The Analog Players Society was put together by a producer and percussionist in his mid-30s who calls himself Amon. The title of the album, Hurricane Season in Brooklyn, shows he knows that humor is a fine antidote to worries about arid and chilly. Much of the album is indeed jaunty, even rollicking.
Another aspect of Hurricane Season in Brooklyn that might make purists suspicious is that the album works both as a party soundtrack and as a quick-changing jam that’s delightful while you sit in a chair. I would argue that this is a strength of successful studio-pro workouts: The sass and variety of Amon’s arrangements and writing tickle the body while the smarts and deftness of the playing captivate the mind.
Amon’s most audacious stroke is reworking three cheesy dance-rock hits from the ’80s into the most successful reggae-style tracks in years. The standout is “I Can’t Wait,” originally by Nu Shooz. Singer Cecilia Stalin can’t do much with the drab lyrics, but her scatting provides the real statement, anyway.
Hurricane Season in Brooklyn feels a bit brief by CD standards: nine tracks at just less than 40 minutes. But that would make a healthy LP, and there’s not a minute of padding. The Analog Players Society provides some of the best evidence since the rise of Vampire Weekend that formerly exotic international music — particularly African rhythms and accents — has become an everyday part of the ever-richer mix of sources for modern popular tunes. Yet more styles the studio pros have to master: May they all wear their learning as lightly as the Analog Players Society.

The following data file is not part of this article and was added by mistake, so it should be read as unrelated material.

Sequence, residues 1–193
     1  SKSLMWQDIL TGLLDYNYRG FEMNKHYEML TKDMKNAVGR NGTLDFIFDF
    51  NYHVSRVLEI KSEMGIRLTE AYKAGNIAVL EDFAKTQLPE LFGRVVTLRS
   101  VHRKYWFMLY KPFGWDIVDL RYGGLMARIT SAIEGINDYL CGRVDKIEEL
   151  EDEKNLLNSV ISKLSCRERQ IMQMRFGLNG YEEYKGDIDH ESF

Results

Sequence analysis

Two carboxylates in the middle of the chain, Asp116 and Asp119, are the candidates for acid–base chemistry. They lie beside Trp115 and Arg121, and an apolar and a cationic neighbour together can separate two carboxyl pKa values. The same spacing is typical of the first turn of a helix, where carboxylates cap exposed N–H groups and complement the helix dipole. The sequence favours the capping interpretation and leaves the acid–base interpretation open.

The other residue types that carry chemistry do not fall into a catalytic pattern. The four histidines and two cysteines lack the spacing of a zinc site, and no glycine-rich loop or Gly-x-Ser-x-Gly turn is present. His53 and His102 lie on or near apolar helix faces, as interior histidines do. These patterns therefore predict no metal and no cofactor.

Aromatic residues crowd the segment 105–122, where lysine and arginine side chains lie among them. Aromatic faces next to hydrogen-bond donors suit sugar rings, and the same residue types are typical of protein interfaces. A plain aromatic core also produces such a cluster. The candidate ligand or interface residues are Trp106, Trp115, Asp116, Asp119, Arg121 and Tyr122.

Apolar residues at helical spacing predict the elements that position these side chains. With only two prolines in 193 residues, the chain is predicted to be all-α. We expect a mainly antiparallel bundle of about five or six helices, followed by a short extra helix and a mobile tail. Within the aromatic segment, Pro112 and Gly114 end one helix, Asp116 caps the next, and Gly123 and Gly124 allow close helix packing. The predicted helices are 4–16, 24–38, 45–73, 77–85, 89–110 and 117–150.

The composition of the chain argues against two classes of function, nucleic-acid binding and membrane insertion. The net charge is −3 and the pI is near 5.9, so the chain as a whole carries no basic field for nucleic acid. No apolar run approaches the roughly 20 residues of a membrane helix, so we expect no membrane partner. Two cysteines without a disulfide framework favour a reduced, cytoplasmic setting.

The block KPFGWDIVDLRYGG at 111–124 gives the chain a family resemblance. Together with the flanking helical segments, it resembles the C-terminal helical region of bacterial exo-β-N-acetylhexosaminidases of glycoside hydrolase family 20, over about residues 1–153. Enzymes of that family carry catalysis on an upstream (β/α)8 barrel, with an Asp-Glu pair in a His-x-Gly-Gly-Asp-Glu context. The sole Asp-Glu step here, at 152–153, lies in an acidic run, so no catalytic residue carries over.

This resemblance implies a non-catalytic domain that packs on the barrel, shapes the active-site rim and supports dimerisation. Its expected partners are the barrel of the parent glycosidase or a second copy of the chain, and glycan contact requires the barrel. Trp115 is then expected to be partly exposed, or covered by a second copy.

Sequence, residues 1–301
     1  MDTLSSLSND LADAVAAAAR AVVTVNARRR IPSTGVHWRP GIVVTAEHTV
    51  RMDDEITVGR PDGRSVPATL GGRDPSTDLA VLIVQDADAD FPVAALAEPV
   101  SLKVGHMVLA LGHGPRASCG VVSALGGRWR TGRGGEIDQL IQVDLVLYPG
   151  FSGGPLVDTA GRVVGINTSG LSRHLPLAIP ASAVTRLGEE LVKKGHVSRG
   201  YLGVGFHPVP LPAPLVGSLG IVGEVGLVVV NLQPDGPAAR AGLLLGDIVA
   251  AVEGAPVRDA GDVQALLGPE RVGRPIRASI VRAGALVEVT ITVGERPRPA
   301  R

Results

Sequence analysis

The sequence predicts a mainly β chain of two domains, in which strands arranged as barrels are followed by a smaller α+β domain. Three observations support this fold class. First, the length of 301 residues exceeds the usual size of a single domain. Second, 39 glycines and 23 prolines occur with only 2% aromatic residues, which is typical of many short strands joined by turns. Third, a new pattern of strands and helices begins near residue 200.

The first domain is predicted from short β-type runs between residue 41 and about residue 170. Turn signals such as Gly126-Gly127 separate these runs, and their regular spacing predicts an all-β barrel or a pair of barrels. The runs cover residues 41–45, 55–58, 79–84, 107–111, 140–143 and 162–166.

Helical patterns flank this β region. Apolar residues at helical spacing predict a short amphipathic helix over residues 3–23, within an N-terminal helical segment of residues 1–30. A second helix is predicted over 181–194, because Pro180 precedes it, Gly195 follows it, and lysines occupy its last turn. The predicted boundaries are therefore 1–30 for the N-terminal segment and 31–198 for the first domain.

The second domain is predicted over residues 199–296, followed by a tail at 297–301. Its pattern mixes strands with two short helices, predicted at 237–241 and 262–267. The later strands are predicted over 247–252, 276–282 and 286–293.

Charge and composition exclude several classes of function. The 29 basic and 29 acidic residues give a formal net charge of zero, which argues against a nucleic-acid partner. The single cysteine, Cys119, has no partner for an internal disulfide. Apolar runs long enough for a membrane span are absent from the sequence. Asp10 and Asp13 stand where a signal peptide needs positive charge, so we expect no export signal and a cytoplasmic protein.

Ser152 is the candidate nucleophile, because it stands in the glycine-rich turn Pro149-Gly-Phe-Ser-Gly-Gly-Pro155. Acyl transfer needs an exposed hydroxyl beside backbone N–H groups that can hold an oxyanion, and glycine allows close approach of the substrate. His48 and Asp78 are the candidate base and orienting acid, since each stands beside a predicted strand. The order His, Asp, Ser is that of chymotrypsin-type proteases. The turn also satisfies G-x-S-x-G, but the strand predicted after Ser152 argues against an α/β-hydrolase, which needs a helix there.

Led by producer, engineer, and percussionist Amon (Turntables on the Hudson / Afrokinetic), the Analog Players Society (APS) is a collective and community of musicians rooted at The Hook Studio in Brooklyn, NY.
This digital DJ promo features songs from both of APS’s forthcoming 7″ releases on Redbud Records, out on 12/13. APS Vol. 1 consists of two dubbed out covers of well-known tracks: “Let The Music Play” (Version) originally recorded in 1983 by Shannon, and “Dance Hall Days” (Version) also recorded in 1983 by Wang Chung. APS Vol. 2 is a stellar re-working of the 1986 hit song “I Can’t Wait” by Nu Shooz, which features the radiant vocals of Cecilia Stalin (Koop) over a full horn section and infectious keys. The instrumental version not included in this promo is available exclusively on Bandcamp.
Okayplayer is proud to premiere this new 45 from Redbud records featuring Cecelia Stalin and the Analog Player’s Society putting down a reggae-inflected cover of the classic “I Can’t Wait” by Nu Shooz. Truly, this one of my favorite songs of all time, probably because I have good memories of female patrons taking their clothes off when I played it at the Stinger Club circa 2002. Combine that erotic potential with the well-documented buddy-shattering effects of reggae music and pretty much anything could happen when you run this selection at your yuletide bashment. To quote Planet Patrol: play at your own risk. See article here.